I opened my eyes this morning to see a yellow Angry Bird and a furry nose.
The bird is a plastic toy and the nose belongs to my two-year-old Golden Retriever, Cooper. Upon noticing I was indeed awake, Cooper proceeded to carefully place the toy on the edge of the bed, before trying to jump onto it, presumably to snuggle.
I managed to get out bed before this happened, sparing my newly changed sheets from a coating of dog fur, but in my haste I knocked the toy to the floor. Oh, how Cooper whined!
In an instant, he dropped to scoop up the little toy then laid it carefully on the floor facing him before sniffing and beginning to gently lick the toy as if comfort it.
My husband and I couldn’t help but laugh. If it wasn’t so funny, it would just be sad.
We have nicknamed the toy Woodstock because it has become Cooper’s constant companion. Like the cartoon character, he makes incomprehensible squeaks and seems to bring Cooper noticeable comfort.
You see, Cooper is a little lonely. Earlier this year his real-life companion, our 12-year-old Golden Retriever, Zeke, lost his battle with cancer.
The loss has been hard on our entire family, but especially little Cooper. Zeke was there when my mother-in-law first brought Cooper home to me.
He was a little bundle of red fuzz with a waggly little tadpole-looking tail. I instantly loved him. Zeke didn’t.
Before too long through the two were inseparable, although Zeke liked to pretend his younger fur sibling didn’t mean that much to him. They would steal each others bones, play tug-o-war with the rope toy and sleep curled up side by side on the doggie bed we bought them.
Zeke, also known as Capt. Bread Belly because of his love of all things made from flour and yeast, taught Cooper to beg for the treat. Cooper in turn taught Zeke to put his head underwater to retrieve rocks or sticks that sank.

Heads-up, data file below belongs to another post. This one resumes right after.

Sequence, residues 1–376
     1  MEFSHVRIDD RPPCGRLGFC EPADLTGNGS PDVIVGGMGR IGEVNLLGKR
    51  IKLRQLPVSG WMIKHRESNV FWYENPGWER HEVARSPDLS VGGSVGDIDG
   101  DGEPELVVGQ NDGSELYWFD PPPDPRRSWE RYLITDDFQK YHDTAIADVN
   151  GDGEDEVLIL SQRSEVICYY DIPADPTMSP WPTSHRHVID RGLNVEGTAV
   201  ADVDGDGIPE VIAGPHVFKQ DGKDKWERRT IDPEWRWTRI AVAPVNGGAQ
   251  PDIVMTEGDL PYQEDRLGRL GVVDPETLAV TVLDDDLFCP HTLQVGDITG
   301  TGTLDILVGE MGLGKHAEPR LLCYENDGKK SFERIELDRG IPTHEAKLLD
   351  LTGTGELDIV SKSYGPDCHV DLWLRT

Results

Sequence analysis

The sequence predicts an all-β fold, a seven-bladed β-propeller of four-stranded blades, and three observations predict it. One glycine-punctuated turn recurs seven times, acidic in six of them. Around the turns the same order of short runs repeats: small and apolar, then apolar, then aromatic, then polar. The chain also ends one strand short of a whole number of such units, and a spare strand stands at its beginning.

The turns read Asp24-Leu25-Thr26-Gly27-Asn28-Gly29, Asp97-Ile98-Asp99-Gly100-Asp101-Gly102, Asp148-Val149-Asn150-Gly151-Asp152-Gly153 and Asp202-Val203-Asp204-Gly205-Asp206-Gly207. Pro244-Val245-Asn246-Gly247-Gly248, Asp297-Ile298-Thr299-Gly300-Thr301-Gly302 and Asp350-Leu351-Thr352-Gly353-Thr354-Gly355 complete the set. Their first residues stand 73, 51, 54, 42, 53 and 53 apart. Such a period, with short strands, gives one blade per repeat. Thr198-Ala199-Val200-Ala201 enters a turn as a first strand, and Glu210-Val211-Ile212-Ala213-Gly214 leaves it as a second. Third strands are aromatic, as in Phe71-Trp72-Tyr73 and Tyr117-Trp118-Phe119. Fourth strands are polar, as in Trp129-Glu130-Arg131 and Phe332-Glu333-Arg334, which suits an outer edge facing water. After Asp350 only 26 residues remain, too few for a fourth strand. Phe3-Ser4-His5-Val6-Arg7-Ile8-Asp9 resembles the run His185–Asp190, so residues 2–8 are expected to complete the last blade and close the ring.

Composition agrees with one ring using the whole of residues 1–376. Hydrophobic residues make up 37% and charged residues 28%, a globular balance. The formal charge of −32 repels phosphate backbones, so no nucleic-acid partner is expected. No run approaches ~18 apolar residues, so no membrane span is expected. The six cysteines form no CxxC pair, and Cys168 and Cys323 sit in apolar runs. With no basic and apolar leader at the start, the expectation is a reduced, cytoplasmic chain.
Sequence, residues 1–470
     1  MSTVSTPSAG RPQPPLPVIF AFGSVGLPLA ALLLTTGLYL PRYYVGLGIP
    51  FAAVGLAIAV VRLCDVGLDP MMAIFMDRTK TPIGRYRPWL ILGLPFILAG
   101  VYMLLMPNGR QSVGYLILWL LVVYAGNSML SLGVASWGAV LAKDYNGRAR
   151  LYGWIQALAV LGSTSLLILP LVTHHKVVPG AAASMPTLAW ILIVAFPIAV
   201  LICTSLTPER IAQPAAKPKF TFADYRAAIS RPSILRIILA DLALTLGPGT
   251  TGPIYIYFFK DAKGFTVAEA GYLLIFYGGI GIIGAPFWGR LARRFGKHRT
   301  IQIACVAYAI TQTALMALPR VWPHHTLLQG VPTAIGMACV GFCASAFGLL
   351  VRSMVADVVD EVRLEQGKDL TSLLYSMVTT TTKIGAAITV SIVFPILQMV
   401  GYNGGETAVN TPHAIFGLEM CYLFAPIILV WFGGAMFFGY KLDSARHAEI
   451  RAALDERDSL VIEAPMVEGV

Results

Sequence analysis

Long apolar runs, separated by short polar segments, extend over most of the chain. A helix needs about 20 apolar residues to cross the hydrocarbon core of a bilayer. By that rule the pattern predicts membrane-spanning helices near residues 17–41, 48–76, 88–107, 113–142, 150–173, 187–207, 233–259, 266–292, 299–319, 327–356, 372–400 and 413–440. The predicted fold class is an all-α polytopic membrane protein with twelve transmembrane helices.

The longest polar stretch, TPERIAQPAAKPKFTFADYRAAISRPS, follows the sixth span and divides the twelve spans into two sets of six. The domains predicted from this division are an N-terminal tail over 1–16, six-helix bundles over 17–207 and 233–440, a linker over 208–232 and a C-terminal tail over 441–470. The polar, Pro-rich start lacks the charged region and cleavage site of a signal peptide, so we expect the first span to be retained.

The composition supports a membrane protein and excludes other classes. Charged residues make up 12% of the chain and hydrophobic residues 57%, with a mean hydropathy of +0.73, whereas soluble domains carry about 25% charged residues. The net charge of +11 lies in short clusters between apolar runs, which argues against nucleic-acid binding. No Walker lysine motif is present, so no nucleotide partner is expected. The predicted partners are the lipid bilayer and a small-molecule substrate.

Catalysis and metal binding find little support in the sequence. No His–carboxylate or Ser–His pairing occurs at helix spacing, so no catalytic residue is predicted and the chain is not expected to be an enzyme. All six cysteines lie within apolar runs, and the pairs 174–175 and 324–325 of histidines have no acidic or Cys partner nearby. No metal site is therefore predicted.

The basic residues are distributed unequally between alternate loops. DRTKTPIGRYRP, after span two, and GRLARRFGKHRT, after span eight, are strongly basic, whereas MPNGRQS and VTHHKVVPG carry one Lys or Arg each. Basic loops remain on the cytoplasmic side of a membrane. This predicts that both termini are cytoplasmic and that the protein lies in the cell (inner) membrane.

When Zeke got sick last fall, Cooper began to sleep in the hallway facing the older dog who took to lying on his side in the tiled bathroom floor. Cooper kept watch over his friend while we slept in the other room.
In May, Zeke died. I know Cooper, like us, is still mourning his loss.
I am convinced I’ve found the little dog crying in grief on more than one occasion, his eyes moist and clearly sad. Often, he will lay in the backyard the toys the two shared positioned all around him head on his paws staring off into space, waiting for someone to play.
Sometime this summer at the grocery store, I spotted the yellow bird and picked it up for Cooper. He likes squeak toys but often dismembers them, so I thought maybe this one with its thick plastic might last a few days longer.
Cooper hasn’t put as much as tooth mark on him. He instantly took to carrying around the little bird.
At night he sleeps with the little bird is positioned right beside him. When he eats, Cooper places the little toy on a perch next to the food bowl. He insists on taking Woodstock with him on road trips.
It is as if our little family has gone back once again to having four members.